Tuesday, September 26, 2017
Court of Appeal:
Ignorance That Contractor Had No License Can Be Inferred
$4.2 Million Judgment Won’t Be Upset Based on Lack of Testimony by Property Owner That an Express Representation Was Made by Home-Builder That He Was Legally Authorized to Perform the Work—Justice Johnson
By a MetNews Staff Writer
The Court of Appeal for this district, in affirming a $4.2 million judgment for fraud in connection with a botched construction job, has rejected the contention that plaintiff GT Dave is entitled to no damages because neither he nor any other witness testified that the defendant, who acted as a general contractor, ever represented that he was licensed to perform that role.
Dave—whose full name is George Thomas Dave—has gained notoriety as the founder and CEO of the company that makes the fermented tea Kombucha, which has recently spread from health food stores to supermarkets.
Friday’s decision by Div. One affirms a judgment by Los Angeles Superior Court Judge Lisa Hart Cole, after a 10-day bench trial, against Jeffrey Baessler and two of his companies, in favor of Dave.
Baessler in 2006 arranged with Dave, a friend at that time, to oversee the construction of a new house on Dave’s property in Beverly Hills at a cost of $1 million, with the work to be completed in 10 months. Twenty months later, and after paying Baessler more than $4.4 million, Dave in July, 2008, ordered him to halt construction.
He then learned, from Baessler’s lawyer, that Baessler had no contractor’s license.
Cole awarded $2.4 million in compensatory damages, $850,000 in punitive damages, $879,000 in attorney fees, and $48,000 in costs.
Depicted above is Dave’s residence in Beverly Hills which was the subject of litigation with a contractor who was not licensed.
In her 43-page statement of decision, Cole said of Baessler that there was “compelling evidence that he committed fraud.” She pointed to the “massive scale and preposterous nature of perjury committed by Baessler during discovery, and while testifying at trial.”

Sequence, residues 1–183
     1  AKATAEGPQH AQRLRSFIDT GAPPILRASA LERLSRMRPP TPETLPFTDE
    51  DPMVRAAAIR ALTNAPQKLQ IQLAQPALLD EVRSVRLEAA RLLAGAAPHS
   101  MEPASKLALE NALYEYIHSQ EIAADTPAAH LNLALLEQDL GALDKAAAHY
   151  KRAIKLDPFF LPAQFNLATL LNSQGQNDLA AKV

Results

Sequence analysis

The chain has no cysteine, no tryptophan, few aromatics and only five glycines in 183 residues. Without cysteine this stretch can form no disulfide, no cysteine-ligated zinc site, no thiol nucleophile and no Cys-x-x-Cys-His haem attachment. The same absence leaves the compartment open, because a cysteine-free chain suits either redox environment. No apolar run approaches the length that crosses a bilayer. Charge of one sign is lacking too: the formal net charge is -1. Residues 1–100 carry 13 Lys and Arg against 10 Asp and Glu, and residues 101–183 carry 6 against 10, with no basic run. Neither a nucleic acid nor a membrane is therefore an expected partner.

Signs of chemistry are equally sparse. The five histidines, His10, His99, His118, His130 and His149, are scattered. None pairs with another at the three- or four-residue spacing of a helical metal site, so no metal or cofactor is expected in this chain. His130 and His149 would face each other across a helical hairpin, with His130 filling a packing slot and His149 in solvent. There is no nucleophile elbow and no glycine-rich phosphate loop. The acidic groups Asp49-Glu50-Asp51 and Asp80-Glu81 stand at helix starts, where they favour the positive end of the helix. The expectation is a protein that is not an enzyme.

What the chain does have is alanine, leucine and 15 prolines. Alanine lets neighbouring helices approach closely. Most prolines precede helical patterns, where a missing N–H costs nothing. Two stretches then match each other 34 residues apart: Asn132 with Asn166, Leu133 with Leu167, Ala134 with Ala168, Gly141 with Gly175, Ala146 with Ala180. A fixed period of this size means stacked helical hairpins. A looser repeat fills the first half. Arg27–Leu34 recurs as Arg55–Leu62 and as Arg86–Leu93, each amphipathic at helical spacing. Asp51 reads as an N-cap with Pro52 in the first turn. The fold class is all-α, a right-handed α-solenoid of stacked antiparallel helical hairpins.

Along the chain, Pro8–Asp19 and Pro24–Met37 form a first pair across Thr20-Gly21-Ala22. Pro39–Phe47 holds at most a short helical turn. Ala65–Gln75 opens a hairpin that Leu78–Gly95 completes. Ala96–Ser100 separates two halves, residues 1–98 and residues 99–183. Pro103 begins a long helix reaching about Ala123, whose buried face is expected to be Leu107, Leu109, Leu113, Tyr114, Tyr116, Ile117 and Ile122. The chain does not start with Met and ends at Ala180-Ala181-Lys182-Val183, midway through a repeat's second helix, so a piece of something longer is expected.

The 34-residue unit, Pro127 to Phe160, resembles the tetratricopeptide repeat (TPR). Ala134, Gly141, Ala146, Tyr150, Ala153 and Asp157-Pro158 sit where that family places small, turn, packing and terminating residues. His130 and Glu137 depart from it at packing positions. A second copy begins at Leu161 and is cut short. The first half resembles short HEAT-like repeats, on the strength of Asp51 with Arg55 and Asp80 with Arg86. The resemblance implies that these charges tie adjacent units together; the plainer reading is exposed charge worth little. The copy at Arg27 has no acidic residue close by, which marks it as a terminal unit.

Cole found that “[b]ut for Baessler’s misrepresentations that he was a qualified general contractor, Plaintiff would not have hired him and would not have incurred the repair costs for defective construction,” which she reckoned, after offsets, to amount to more than $500,000.
The judge concluded that Baessler, using phony accounting records, fraudulently overstated the cost of work by subcontractors and inflated his own fee to the extent of $1.9 million.
In setting punitive damages, Cole said that while Baessler’s “rampant fraud” was a “very significant concern,” she had to go easy in light of the defendant’s modest financial resources.
(He had declared bankruptcy in 1994, 2003, and 2011.)
Authoring the opinion affirming Cole, which was not certified for publication, was Justice Jeffrey Johnson. He saw no significance in the point that Dave had failed to show Baessler overtly represented himself to be a licensed contractor.
“Plaintiff testified plainly that Baessler told him that he was a general contractor before Plaintiff retained him for the Project and then after being retained he told Plaintiff and others at the Project’s kick-off meeting that he was a general contractor. Other witnesses testified similarly….[A]s the trial court found, ‘[t]he evidence that Baessler acted as the general contractor is overwhelming.’…
“Since it is illegal for someone not licensed as a general contractor to act as a general contractor…, Baessler’s representations to Plaintiff and to others, when combined with his actions on the Project consistent with those of a licensed general contractor, and when combined with all reasonable inferences from those facts, constitute substantial evidence of Plaintiff’s reasonable and justifiable reliance on Baessler’s purported status as a licensed general contractor.”